In defiant Baba Amr, smoke rise above the horizon following new rounds of pounding http://youtu.be/AtQpogDBcFc , http://youtu.be/TPvQyXLHgi8 But the pounding continues http://youtu.be/nnMwNmUvLFo , http://youtu.be/njSdqtq_12Q , http://youtu.be/VGgZxROlMKU , http://youtu.be/Pof6OGiPJF4 Another house catches fire http://youtu.be/p2ynobSeuAE More defections take place among the ranks of troops sent in to quell the protests http://youtu.be/b8WJb3q-xo4 But during the brief nighttime lull, locals took to the streets as usual http://youtu.be/EI5OjU-anGs
Pro-Assad militias storm the town of Khirbet Ghazaleh in Derra/Hauran Province http://youtu.be/ST7Wfww3_QY Others storm the Sabeel Neighborhood in Deraa City http://youtu.be/PQmFibChMjM But in the College of Literature, students protest within the hall of their campus http://youtu.be/v54a929yKEc and in Kashef Neighborhood the people rule the streets http://youtu.be/e5XLgnJHEwU In Ankhel, locals hold a funeral for one of their fallen sons http://youtu.be/OjpUI2Tp-CA And soon come under fire http://youtu.be/YJCfV4OTpJg In Basr Al-Harir, there were many martyrs as well http://youtu.be/sYKMkBNnEVQ , http://youtu.be/d5Xko8ukBZg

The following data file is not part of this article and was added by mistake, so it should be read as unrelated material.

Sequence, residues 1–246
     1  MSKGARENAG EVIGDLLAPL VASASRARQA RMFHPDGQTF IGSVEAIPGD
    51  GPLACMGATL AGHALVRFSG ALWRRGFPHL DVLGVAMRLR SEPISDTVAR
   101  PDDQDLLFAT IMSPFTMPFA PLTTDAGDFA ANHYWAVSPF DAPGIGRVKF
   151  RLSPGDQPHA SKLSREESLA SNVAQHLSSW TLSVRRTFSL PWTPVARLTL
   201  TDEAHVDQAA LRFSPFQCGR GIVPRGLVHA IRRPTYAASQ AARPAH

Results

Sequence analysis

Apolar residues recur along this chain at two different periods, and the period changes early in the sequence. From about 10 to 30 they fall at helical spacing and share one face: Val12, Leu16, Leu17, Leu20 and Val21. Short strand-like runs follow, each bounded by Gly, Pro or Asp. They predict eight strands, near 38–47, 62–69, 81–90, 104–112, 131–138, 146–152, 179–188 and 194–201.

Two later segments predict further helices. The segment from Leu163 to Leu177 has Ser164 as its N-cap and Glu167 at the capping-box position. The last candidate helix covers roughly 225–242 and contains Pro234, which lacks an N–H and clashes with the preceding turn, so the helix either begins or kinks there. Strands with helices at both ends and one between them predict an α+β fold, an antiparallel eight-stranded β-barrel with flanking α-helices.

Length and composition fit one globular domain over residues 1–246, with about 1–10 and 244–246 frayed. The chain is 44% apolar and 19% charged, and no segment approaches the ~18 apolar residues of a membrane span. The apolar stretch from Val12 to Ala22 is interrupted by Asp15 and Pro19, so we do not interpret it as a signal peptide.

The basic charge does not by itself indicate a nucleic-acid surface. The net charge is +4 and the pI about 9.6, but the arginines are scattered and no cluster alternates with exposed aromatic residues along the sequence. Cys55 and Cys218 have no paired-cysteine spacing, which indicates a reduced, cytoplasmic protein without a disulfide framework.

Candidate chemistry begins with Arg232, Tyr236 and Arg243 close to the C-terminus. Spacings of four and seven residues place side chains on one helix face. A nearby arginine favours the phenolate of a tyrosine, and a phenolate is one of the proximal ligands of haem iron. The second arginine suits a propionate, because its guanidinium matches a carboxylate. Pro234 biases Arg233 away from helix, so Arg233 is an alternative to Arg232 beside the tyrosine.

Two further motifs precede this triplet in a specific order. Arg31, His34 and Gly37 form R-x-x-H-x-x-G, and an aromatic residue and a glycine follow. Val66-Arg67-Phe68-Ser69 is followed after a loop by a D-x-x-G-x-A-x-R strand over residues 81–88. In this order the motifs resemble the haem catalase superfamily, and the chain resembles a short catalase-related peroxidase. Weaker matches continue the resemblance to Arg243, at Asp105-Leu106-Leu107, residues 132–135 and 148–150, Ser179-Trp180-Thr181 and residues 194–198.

Elsewhere in the province, loyalists pound the village of Alma http://youtu.be/MB0g9EVCAek But defectors affiliated with the Free Syrian Army fight back and blow up a tank http://youtu.be/3qzbJNpt1o4 and armored vehicle http://youtu.be/HrvwNl3-VYE
All these developments in Deraa/Hauran lead to more defections in the ranks http://youtu.be/Grt_Qdmu8xs
In Idlib City, security forces separate loyalist and protest demonstrations http://youtu.be/i2TlRpKwzNc But no one can keep the protesters down http://youtu.be/MzphceTGPAE In Sarmeen in the larger Idlib Province, a tank storm into the city firing its way through http://youtu.be/PIt9IrgPi4M
In Khneizeer village in Hama Province, local water tanks and mosque come under fire http://youtu.be/9-s6_Y0yAd0 In Shaizar Village, pounding by loyalists leave many wounded http://youtu.be/id8pvE2lzyc , http://youtu.be/f7DDkpNFiv4
In Kisweh Suburb in Damascus, the nights come alive with the sounds of heavy gunfire http://youtu.be/qZHMMumtaCA In Douma, pro-Assad militias go on a vandalism spree http://youtu.be/PqWLAAv_juk